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Kitchen Renovation Uncovers Online Opportunity For Housewares Growth

It’s no secret that digital commerce continues to gain a competitive edge, making it more important than ever to identify new customer bases and new ways to reach consumers. While the inherent convenience offered by the online channel has contributed to its growth, we also see demographic shifts and related life moment milestones further fueling its momentum. Major home appliances are part of this wave, presenting unexpected opportunity for the housewares industry.

Major appliance purchases happen at specific times, the main “life events” being a complete kitchen remodel and a kitchen refresh or update. It may be surprising to many in the housewares industry that overall tabletop spending related to a new home purchase or home renovation was 20% higher than bridal occasion spending on the same products in 2017, according to NPD’s consumer tracking service. Depending on whether they are doing a kitchen rebuild or a refresh, buyers will approach related purchases differently.

By understanding the sequence in which these purchases are made, and what other home related purchases are being made over time, retailers that already have some of a given consumer’s business can attract more of it. Conversely, retailers that weren’t previously in that buyer’s trajectory have an opportunity to insert themselves into it— whether they play in the major appliance or home improvement market, or not. 

Kitchen suite buyers— that is, consumers buying all major kitchen appliances (refrigerators, dishwashers, and ranges)— are likely embarking on either a kitchen remodel or refresh. NPD’s Checkout e-commerce data, analyzing purchases at the receipt level, show that online kitchen suite buyers spend an average of $30 more per person on non-electrics housewares purchases than non-suite buyers. Further analysis of this data paints a dynamic picture of these consumers, showing their purchase rate of a variety of home-related products over the months prior to and following their kitchen suite purchase.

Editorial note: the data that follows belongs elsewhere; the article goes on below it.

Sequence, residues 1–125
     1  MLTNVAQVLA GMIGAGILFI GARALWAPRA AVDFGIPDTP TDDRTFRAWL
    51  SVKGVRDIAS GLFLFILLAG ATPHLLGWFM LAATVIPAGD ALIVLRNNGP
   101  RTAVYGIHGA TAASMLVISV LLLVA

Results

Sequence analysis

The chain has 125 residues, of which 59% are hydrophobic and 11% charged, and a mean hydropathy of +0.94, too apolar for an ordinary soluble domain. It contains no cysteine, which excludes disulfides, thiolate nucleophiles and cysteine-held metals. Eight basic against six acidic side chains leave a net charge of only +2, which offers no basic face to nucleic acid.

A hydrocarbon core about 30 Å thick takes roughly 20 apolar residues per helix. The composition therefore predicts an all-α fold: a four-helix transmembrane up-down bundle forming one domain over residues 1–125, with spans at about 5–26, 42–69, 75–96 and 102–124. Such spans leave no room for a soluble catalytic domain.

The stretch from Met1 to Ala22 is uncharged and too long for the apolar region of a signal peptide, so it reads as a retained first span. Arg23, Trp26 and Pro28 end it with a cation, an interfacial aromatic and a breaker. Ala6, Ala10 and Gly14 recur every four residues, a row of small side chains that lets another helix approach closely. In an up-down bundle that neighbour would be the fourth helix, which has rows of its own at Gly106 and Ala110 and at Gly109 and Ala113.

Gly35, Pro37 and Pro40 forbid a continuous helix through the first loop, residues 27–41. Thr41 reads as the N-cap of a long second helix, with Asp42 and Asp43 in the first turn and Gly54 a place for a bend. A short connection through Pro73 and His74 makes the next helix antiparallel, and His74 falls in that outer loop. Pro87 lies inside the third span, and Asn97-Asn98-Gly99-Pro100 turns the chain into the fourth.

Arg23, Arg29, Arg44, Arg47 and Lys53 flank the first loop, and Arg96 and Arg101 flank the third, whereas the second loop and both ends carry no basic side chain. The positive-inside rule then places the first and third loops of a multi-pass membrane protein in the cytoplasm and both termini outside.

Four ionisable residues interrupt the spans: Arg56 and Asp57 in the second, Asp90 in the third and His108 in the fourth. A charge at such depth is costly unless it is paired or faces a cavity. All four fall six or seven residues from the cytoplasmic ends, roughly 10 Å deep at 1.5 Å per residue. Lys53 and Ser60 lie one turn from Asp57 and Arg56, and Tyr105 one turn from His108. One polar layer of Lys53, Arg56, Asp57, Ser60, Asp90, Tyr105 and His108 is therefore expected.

Buyers appear to furnish their kitchens with small kitchen appliances at the same time as the kitchen suite purchase, and acquire the non-electrics housewares items later when they are looking to entertain in the home and show off their new and improved kitchen. Retailers have a window of opportunity to either keep or capture this customer for the additional purchases that help to deliver on the desired new look and feel in the kitchen.

Taking Hold Of A New Opportunity

Understanding where opportunities exist outside your categories is a viable way to grow in this market. Over the course of two years, home renovation buyers (those who purchase kitchen suites and home improvement products) spend a quarter of their online wallet on small appliances, and an additional 16% on other home goods. Complementary retailer partnerships have been a frequent occurrence over the past year, creating an opportunity for a home improvement outlet to partner with a housewares retailer in order to capture incremental market share among home renovation buyers.

The home renovation consumer’s incremental spending on seemingly unrelated products for the home indicates that capturing this consumer’s attention can prove particularly rewarding for small appliances and non-electric housewares. Checkout e-commerce data tells us that the home renovation consumer spent 23% more on tabletop purchases than the average non-electrics housewares buyer, more than 50% more on home environment appliances, and more than double on small kitchen appliances. Expansion into complementary product assortments, and winning some of this home renovation related market share, is another trend for our industry to consider. 

Driving It Home With The Consumer

The major appliance category is moving inexorably online, which calls for a whole new set of strategies on the part of all home retailers to help consumers with a solution to their life moments. While newer online players are attracting many customers in an emerging pattern of direct-to-consumer, it’s important to remember that the retailer who has already built a relationship with their customer has some leverage.

Existing consumer relationships should be nurtured by offering customers the products, brands, and shopping experience they have come to expect from brick and mortar brands they are comfortable with. Data can help see the hidden product relationships and purchasing sequences, revealing where else your customer is shopping, what your competition is offering, and where it’s possible to insert oneself into the buyer’s path to purchase. It all comes down to understanding the consumer.

Joe Derochowski is executive director and home industry analyst at The NPD Group. He can be reached at [email protected].